Cleaning agents and other products that come into contact with the skin must be especially safe. You must be concerned with the safety of your products. We are happy to help you at cosmetic@kft.de

 

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ECHA and CEFIC Sign Joint Statement

The ECHA and CEFIC signed a joint statement on June 14 in Helsinki that aims at closer cooperation in the implementation of REACH. In concrete terms, the risks of critical substances and groups of substances are to be estimated on a more scientific basis in the future while communication along the supply chain is also improved.

The ECHA promises to:

  • Inform industry when specific substances or groups of substances are difficult to evaluate and when cooperation among experts from both sides would help reach a common solution more quickly
  • Simplify such cooperation among experts, particularly before any planned regulatory measures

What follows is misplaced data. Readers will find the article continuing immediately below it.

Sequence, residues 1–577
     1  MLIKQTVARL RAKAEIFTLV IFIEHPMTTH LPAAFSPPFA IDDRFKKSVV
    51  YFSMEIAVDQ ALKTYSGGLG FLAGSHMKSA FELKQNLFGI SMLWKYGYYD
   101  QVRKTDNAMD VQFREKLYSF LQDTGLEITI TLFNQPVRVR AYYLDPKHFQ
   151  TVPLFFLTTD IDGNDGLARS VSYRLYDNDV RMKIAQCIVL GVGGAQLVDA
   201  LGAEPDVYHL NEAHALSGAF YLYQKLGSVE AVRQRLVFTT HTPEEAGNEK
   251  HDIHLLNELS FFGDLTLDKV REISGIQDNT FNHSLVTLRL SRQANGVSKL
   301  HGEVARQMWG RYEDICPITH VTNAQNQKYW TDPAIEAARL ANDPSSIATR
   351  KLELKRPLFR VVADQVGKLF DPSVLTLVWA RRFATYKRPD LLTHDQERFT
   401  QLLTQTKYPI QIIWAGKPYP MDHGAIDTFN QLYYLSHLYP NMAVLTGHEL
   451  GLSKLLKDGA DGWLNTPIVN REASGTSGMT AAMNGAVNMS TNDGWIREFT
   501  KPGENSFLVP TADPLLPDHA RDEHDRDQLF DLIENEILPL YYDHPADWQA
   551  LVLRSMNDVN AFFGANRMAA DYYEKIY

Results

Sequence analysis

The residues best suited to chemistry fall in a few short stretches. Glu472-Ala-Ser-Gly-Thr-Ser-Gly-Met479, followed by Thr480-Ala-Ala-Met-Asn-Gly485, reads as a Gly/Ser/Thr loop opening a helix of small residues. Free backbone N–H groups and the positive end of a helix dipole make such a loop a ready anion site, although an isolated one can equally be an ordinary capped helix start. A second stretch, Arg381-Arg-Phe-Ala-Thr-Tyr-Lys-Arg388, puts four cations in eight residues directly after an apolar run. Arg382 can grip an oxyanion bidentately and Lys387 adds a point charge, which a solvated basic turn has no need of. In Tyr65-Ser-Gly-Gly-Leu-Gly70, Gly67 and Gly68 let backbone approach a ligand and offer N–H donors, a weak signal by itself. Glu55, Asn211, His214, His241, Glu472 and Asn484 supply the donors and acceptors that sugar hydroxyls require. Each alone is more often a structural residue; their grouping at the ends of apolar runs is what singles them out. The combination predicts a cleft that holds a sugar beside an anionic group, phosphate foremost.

• Inform companies how the quality of registration dossiers can be improved continually.

Represented by CEFIC, industry promises to:

  • Increase promotion of continuous and targeted improvement in the compliance, quality, and understanding of registration dossiers
  • Inform the ECHA when a substance or group of substances is expected to create scientific or technical challenges
  • Organize meetings of scientific and technical experts from industry to discuss any critical issues

In a joint press release, ECHA President Björn Hansen once again stressed the importance of the agreement, saying “The EU Commission has asked us in their recent report to work with industry to increase efficiencies in implementing REACH and this is a step in doing so.” Marco Mensink, General Director of CEFIC was equally satisfied, saying that close cooperation is the right step so that all REACH stakeholders can benefit along with industry and the ECHA.

You can maintain the marketability of your products by updating your dossiers regularly. If you have any questions, we are pleased to offer you support at reach@kft.de.